In further embodiments, subsequent cardiac parameters of the subject can be measured according to the methods of claim 10 during a subsequent period and while the subject is performing normal daily activities; and further treatment can be recommended to the subject, the further treatment depending at least in part on the initial cardiac parameters, the subsequent cardiac parameters, and differences between the initial and subsequent cardiac parameters; the steps of measuring subsequent cardiac parameters and recommending further treatment can be repeated; subsequent to measuring the initial cardiac parameters, the cardiac parameters of the subject can be monitored during a plurality of time periods, the subject performing daily activities during one or more of the monitoring periods; the subject can be ambulatory while performing daily activities; and the cardiac diseases treated include myocardial ischemia, and wherein the cardiac parameters include indicators of dyskinetic ventricular wall motion.

In further embodiments, the subject's cardiac parameters can be monitored semi-continuously or continuously monitored even while performing daily activities from time-to-time or is asleep

Another provided method of treating a subject monitors the subject for hypovolemia by measuring initial cardiac parameters of the subject according to the methods of claim 10 during an initial period and while the subject is performing normal daily activities the initial measured parameters are at least stroke volume and cardiac output; measuring initial cardiac parameters of the subject according to the methods of claim 10 during a subsequent period and while the subject is performing normal daily activities the initial measured parameters are again at least ing stroke volume and cardiac output; and determining the whether or not hypovolemia is present in the subject depending at least in part on the initial stroke volume and cardiac output, the subsequent stroke volume and cardiac output, and differences between the initial and subsequent stroke volume and cardiac output.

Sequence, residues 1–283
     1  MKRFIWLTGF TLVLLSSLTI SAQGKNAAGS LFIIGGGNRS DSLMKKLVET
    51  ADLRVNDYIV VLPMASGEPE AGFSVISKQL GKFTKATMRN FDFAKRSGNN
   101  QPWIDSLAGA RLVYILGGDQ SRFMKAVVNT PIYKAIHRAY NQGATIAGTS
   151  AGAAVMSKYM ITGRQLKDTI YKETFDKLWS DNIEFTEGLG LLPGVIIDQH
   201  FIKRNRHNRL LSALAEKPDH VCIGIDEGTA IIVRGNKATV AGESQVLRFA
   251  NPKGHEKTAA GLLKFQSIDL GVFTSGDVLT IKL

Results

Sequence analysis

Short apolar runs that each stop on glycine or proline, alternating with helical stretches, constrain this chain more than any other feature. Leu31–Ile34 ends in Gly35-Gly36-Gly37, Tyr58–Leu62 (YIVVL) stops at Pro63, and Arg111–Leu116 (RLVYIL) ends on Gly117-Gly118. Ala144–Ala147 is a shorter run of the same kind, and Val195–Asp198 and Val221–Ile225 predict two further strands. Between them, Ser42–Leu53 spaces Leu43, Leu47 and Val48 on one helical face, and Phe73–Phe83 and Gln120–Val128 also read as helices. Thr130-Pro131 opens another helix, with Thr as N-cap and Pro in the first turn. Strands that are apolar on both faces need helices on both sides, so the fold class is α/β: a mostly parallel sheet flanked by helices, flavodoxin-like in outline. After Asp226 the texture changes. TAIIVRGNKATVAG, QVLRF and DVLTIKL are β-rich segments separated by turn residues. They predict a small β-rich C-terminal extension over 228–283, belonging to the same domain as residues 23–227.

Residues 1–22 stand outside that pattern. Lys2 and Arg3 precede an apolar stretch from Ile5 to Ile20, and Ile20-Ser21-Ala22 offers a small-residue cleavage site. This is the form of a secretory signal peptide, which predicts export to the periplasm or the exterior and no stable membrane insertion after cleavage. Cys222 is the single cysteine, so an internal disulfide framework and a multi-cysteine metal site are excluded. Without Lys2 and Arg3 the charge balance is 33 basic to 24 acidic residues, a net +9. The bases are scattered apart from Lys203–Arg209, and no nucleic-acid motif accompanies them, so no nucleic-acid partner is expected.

The invention are provides the following aspects. One aspect of the present invention is directed to a method for extracting cardiac parameters from a plethysmographic signal, the plethysmographic signal being responsive to at least one cardiac parameter, that performs a frequency domain filtering operation on the plethysmographic signal producing a first filtered signal; performs a time domain filtering operation on the first filtered signal, producing a second filtered signal; and extracts the cardiac parameter from the second filtered signal. The frequency domain filtering operation may include a band-pass filter and furthermore be characterized by a lower corner frequency that is determined by a heart rate. The ensemble averaging operation can include associating a plurality of segments of the plethysmographic signal with events characteristic of a cardiac cycle; shifting a plurality of segments to align the events associated with each of the plurality of events characteristic of the cardiac cycle; constructing an ensemble averaged cardiac cycle signal from the average of the plurality of aligned segments. The event characteristic of a cardiac cycle are preferably indicia derived from the electrocardiographic R-wave. The ensemble averaging operation further includes the step of reconstructing a thoracocardiograph signal from the ensemble averaged cardiac cycle signal.

Another aspect of the present invention is a method for extracting cardiac parameters from a plethysmographic signal characterized by a heart rate, the method performing the steps of: performing a first band-pass filtering operation on the plethysmographic signal producing a first filtered signal, the first filtering operation characterized by a lower corner frequency less than the heart rate; performing a second band-pass filtering operation on the plethysmographic signal producing a second filtered signal, the second filtering operation characterized by a lower corner frequency greater than the lower corner frequency of the first filtered operation; interpolating the first filtered signal and the second filtered signal based on the heart rate to produce a filtered plethysmographic signal; and extracting cardiac parameters from the filtered plethysmographic signal. Variants of the several aspects of this invention further include methods performing ensemble averaging of a signal at a current time sample by forming a weighted average of the signal at the current time sample with one or more signals at displaced time samples, the displaced time samples differing from the current time sample by one or more electrocardiographic R-wave intervals; determining R-wave intervals by detecting R waves in a concurrent electrocardiogram; and discarding a detected R wave that occurs in an ectopic temporal location or during a period of increased motion.